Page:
From New Jersey on Saturday afternoon, President Trump condemned the the violent Charlottesville protests in his first public remarks about the violence in the "Unite The Right" rally in Virginia. "We're closely following the terrible events unfolding in Charlottesville, Virginia," the president said. "We condemn in the strongest possible terms this egregious display of hatred, bigotry and violence, on many sides."
Trump delivered his brief remarks at the start of a bill signing ceremony on Saturday, though he did not answer when a reporter asked what he had to say to pro-Trump white nationalists who commit acts of violence.
Trump said that the hatred and bigotry had been going on "for a long time in our country," and suggested it was not because of him nor his predecessor, President Obama. He did not mention in his remarks the Nazi flags and salutes present at the white nationalist "Unite The Right" protest.
Shortly before his speech, Trump took to Twitter to issue a similarly vague statement on Charlottesville. "We ALL must be united & condemn all that hate stands for. There is no place for this kind of violence in America. Lets come together as one!" he tweeted, later adding: "Am in Bedminster for meetings & press conference on V.A. & all that we have done, and are doing, to make it better-but Charlottesville sad!"
The wording of his remarks on Charlottesville and the absence of a forceful denunciation (or any denunciation at all) of the Nazi regalia and white supremacists was fiercely criticized on social media. Many called him out for alluding that white nationalists and those who oppose them were equally deserving of condemnation.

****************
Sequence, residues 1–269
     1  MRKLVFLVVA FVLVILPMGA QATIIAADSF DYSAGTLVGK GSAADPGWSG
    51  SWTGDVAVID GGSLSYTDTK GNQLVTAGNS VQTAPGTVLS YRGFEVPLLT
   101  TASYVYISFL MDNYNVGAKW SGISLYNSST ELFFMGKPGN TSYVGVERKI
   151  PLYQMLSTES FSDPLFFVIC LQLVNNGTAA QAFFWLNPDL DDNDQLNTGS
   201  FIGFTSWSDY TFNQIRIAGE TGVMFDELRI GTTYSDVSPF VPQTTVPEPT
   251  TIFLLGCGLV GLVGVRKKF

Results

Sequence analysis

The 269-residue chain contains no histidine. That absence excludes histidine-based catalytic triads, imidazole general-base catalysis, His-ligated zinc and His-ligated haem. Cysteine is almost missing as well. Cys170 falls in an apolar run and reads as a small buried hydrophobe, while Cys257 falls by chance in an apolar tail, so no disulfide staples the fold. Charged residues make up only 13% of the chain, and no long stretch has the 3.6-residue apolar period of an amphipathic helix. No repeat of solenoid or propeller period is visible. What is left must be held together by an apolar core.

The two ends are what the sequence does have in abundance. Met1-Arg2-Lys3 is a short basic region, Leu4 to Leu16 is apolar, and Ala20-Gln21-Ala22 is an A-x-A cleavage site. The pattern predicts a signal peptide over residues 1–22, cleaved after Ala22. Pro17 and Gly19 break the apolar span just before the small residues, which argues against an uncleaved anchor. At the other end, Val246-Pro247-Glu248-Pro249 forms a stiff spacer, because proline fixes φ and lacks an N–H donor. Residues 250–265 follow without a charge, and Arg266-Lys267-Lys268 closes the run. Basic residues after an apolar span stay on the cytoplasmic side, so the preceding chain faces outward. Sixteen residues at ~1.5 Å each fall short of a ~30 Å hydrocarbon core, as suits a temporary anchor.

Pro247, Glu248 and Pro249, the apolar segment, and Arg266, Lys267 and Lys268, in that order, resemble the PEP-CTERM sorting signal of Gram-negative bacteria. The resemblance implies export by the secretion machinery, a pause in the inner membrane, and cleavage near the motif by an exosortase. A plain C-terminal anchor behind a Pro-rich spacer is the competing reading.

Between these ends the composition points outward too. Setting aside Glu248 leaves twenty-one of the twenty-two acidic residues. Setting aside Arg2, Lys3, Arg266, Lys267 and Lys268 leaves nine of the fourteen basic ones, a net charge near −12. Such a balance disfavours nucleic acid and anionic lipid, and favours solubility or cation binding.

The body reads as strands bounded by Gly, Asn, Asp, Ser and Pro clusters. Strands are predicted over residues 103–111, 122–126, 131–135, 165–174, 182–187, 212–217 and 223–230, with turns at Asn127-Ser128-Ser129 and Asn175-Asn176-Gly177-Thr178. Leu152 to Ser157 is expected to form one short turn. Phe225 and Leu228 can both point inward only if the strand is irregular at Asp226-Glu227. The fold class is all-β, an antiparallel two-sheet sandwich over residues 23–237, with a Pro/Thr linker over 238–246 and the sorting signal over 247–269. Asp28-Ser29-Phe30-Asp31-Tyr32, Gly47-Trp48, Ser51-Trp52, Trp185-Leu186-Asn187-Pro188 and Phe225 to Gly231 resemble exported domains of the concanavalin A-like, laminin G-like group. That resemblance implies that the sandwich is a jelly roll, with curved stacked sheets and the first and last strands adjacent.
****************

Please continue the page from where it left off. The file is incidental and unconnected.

It was, however, embraced by the far-right. Richard Spencer — whom The New York Times labeled as the "leading ideologue of the alt-right movement" — suggested that Trump may have been criticizing the counter-protestors in Charlottesville or the police that "cracked down on peacefully and lawfully assembled demonstrators" on Twitter.
Richard Spencer is trolling – but it shows why POTUS statement shouldn't have been so generic. pic.twitter.com/yvqttYWti5— andrew kaczynski 🤔 (@KFILE) August 12, 2017
Trump's lackluster remarks were in stark contrast to the many fierce condemnations of the violence at the Charlottesville protests from Republican and Democratic politicians alike — including Hillary Clinton. In her comments on the incident, she slammed "the incitement of hatred that got us here" and the "white supremacists in our streets"
Clinton also took a veiled swipe at the president. "Every minute we allow this to persist through tacit encouragement or inaction is a disgrace, & corrosive to our values," she tweeted. "Now is the time for leaders to be strong in their words & deliberate in their actions."